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What to do when protesters show up

September 2017
By: Michele D. Shoun

Plans for the September 9 walk were proceeding smoothly, and then Shelly Burkhart, executive director at HerChoice (formerly Bowling Green Pregnancy Services) had a moment of panic. A coworker had learned through social media that a local pro-choice group planned show up at the center to protest. 

Questions raced through her mind: Would they bring a mob? Would tension or even violence mar the celebration of life? Should they cancel? What could they do to prepare?

Shelly reached out for advice from NIFLA, Life Matters Worldwide, and others. She came away with ten action items that helped Her Choice plan for the best and prepare for the worst. 

Here’s what they did:

1. Asked board members, staff, and donors to pray and fast for one day. After all, prayer should be any ministry’s first plan and is always the best way to prepare. Shelly felt a little like Jehoshaphat in 2 Chronicles 20 –  powerless against what could become a “great horde.” So they prayed as he did: “We do not know what to do, but our eyes are on You.”

2. Created an evacuation plan, and made sure their board, staff, and volunteers knew what it was. If someone drove into the parking lot – where tables, tents, and the bounce house would be located – to run people down, “bouncers” would usher everyone into the church next door for safety.

3. Designated six physically imposing men to serve as “bouncers.” In addition to managing the crowd of supporters, they would be tasked with keeping protesters off the property. The men serving in this capacity were expected to speak kindly but firmly. They would also videotape any interactions with protesters, serve as a buffer between supporters and protesters, and call police if necessary. They would remain at the center during the walk to protect the building.

4. Notified local police. In this case, Her Choice contacted both city and campus police from nearby Bowling Green State University. The police were cooperative and helpful, escorting the walkers the entire distance of the walk.

5. Asked supporters not to speak to protesters. The plan was to encourage supporters to go about the walk with joy, peace, and love. This was communicated prior to the walk in mass emails and on social media (Facebook), as well as in announcements the day of the event.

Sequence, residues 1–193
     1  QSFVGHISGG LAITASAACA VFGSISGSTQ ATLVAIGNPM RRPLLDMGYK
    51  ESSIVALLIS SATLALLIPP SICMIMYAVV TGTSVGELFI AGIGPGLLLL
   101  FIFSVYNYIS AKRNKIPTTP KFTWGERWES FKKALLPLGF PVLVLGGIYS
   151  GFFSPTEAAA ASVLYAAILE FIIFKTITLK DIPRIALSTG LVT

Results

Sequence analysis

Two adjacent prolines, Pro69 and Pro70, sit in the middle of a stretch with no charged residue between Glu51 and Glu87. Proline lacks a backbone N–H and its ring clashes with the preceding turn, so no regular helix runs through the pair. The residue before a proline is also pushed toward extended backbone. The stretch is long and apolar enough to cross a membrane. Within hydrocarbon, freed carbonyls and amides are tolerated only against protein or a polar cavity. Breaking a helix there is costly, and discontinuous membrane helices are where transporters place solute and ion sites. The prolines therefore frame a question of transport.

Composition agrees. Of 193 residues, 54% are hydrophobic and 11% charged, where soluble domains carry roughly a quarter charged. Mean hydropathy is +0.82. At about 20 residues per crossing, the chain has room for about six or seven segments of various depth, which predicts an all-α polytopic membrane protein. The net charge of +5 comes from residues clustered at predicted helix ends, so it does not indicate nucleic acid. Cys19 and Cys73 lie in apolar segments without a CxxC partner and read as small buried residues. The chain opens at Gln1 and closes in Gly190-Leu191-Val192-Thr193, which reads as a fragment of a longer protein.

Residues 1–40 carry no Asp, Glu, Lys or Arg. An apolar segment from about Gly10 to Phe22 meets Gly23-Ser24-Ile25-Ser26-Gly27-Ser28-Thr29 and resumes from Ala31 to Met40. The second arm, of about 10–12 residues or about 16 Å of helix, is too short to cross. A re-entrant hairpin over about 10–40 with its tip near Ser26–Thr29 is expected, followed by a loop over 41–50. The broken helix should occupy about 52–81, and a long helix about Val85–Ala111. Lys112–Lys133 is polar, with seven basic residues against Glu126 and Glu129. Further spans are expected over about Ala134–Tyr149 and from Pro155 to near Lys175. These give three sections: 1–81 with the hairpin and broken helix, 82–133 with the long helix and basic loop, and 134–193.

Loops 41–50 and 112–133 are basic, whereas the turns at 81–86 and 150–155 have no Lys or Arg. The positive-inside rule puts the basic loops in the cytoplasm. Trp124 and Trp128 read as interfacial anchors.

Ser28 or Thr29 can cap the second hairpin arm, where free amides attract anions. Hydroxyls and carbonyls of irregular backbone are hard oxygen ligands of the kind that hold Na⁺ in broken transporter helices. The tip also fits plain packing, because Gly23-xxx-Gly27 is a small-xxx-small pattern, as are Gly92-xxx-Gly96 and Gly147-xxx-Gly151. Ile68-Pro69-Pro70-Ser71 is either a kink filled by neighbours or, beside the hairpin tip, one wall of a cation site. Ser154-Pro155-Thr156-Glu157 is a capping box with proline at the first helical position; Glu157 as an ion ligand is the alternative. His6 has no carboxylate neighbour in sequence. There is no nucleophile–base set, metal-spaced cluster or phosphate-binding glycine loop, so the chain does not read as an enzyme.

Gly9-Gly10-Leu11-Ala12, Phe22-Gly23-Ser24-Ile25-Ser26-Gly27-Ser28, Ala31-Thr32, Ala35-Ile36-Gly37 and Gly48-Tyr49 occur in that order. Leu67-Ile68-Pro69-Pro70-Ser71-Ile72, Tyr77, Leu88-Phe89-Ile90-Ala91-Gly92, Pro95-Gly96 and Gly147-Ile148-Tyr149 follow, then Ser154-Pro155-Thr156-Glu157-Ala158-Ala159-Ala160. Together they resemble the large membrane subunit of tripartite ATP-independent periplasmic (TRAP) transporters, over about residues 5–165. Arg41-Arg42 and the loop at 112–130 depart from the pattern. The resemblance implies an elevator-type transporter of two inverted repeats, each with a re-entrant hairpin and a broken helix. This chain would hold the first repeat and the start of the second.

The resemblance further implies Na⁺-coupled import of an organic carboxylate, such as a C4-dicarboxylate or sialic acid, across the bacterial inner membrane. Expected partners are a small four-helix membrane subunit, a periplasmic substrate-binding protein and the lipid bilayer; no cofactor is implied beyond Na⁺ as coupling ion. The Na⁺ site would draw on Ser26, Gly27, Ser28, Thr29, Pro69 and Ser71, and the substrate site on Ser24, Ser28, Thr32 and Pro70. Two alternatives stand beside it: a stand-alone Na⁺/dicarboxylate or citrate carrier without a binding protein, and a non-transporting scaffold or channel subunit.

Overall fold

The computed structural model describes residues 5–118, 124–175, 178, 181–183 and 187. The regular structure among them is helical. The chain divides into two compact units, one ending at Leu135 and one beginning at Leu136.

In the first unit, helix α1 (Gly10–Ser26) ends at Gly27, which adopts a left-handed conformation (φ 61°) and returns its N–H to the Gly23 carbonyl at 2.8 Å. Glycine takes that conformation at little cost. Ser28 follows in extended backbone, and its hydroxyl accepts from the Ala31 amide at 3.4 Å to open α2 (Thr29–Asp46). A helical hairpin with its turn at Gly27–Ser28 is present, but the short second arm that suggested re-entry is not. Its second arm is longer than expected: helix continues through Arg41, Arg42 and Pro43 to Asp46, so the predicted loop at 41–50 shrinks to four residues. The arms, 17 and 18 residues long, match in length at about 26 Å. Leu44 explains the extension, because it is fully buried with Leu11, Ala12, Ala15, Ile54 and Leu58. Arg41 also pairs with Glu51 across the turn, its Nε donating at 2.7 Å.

6. Had every participant sign a pledge. The pledge form required them to refrain from responding to protesters and to behave without violence or aggression.

7. Discouraged supporters from carrying signs. The purpose of the walk was not provocation or persuasion but to demonstrate support for the center. Participants were given t-shirts that identified the center and the purpose of the walk. 

8. Suggested that walkers sing praise songs softly in order to counteract the yells and chants of protesters. 

9. Designated certain people to speak to the media. Shelly prepared a “script” for them to follow, and instructed them to stick with it. That way they would stay positive and reflect the true nature of the center. Talking points included: 

  • HerChoice loves and empowers women. 
  • HerChoice employs medical professionals. 
  • HerChoice offers all its services free of charge.
  • HerChoice does not discriminate in any way.
  • HerChoice offers women a safe space to express their feelings, fears, and hopes.
  • HerChoice supports women no matter what they choose.

The center also offered client testimonials to media representatives.

10. Notified their insurance carrier about the walk. 

These preparations served Shelly and her team well. After the walk, she was glad to report that everything went smoothly. The 25 protesters were outnumbered by 150 supporters.  While they were “loud and proud” in their chants, two police officers served as a buffer between the two groups along the walk.

Local media did take notice, and a report appeared in the Bowling Green State University Falcon. I’m curious as to whether readers noticed the irony in the names of the two groups who faced off last Saturday. The protesters who claim to be pro-choice marched under the acronym FORCE, which stands for Feminist Organization Raising Consciousness and Empowerment. Meanwhile the group that they protested as “anti-choice” is called HerChoice and offers women real choices!



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